What is a character profile of Lady Bracknell from The Importance of Being Earnest?

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Lady Bracknell could probably be labeled the antagonist of the Oscar Wilde's play The Importance of Being Earnest. She is the force standing in the way of Jack and Gwendolen's marriage. As Gwendolen's mother, Lady Bracknell seems to be the deciding factor in her daughter's future (Lord Bracknell is referred to but never appears in the play). When she learns that Jack is interested in marrying her daughter, Lady Bracknell interrogates Jack in an absurd interview that reveals a lot about her character.

Lady Bracknell proves herself to be haughty and arrogant. She is very sure of herself and feels superior to seemingly everyone else and especially to Jack once she finds out he does not know the identity of his parents. She reveals that she very much wants to hold on to her power as a member of the aristocracy when she tells Jack that the common folk should not become educated, as it would be dangerous to the upper class's status. She also demonstrates her snobbery when she looks down upon Jack's London address as on "the unfashionable side." Her advice to him is ridiculous: to find at least one parent as soon as possible. She has no sense of reality and takes herself very seriously (though the audience definitely is laughing at her).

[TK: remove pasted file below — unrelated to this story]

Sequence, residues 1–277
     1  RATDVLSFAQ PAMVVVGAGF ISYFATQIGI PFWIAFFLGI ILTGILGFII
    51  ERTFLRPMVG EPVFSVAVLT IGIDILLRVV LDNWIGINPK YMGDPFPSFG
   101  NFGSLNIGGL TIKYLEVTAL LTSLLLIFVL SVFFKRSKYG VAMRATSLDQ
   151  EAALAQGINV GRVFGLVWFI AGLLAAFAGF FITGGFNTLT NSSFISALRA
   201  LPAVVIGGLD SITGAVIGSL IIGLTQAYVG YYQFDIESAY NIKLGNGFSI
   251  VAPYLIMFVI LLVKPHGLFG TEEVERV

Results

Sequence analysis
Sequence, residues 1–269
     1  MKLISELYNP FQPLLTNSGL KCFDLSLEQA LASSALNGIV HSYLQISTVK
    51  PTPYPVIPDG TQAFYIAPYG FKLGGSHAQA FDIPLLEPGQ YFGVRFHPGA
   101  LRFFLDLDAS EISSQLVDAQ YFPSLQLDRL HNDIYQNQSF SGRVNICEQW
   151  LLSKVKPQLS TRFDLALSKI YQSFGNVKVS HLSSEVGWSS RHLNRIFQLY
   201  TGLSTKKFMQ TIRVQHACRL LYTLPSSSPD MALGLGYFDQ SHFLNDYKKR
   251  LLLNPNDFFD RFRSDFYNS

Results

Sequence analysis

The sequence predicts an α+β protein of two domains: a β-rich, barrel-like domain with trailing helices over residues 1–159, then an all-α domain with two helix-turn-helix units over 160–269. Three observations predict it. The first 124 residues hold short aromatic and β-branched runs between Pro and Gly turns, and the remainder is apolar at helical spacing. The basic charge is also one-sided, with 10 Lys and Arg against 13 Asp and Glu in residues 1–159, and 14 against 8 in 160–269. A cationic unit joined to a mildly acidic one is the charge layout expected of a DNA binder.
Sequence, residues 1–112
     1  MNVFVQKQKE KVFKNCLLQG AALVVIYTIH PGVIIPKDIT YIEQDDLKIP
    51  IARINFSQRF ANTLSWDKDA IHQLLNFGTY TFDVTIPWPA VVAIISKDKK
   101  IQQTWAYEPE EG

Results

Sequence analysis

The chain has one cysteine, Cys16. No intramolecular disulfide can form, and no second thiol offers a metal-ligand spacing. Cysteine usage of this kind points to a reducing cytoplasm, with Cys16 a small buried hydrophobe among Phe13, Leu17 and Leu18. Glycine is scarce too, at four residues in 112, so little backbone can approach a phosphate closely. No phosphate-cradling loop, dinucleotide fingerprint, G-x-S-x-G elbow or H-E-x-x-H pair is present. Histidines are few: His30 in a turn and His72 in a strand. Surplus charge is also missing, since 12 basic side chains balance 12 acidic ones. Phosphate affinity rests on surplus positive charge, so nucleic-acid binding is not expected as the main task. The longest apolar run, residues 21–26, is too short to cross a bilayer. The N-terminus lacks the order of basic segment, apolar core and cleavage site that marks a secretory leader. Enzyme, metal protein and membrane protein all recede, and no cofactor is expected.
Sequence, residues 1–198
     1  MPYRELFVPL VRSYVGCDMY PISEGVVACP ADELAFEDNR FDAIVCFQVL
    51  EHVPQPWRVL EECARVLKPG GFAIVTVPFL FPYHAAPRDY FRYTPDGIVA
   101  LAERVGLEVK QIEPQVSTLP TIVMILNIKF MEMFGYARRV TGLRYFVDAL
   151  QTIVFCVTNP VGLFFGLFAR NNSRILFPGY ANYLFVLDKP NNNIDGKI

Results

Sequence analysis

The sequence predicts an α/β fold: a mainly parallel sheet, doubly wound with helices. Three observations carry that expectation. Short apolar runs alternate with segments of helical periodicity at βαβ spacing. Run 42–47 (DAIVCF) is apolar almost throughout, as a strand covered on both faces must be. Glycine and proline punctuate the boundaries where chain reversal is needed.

When Lady Bracknell returns in the final act of the play, she learns her nephew Algernon wants to marry Cecily, who Lady Bracknell does not know. However, when she finds out that Cecily is due a huge inheritance from her grandfather, she suddenly sees Cecily as an attractive partner for Algy. This proves that all she really cares about is money, power, and reputation.

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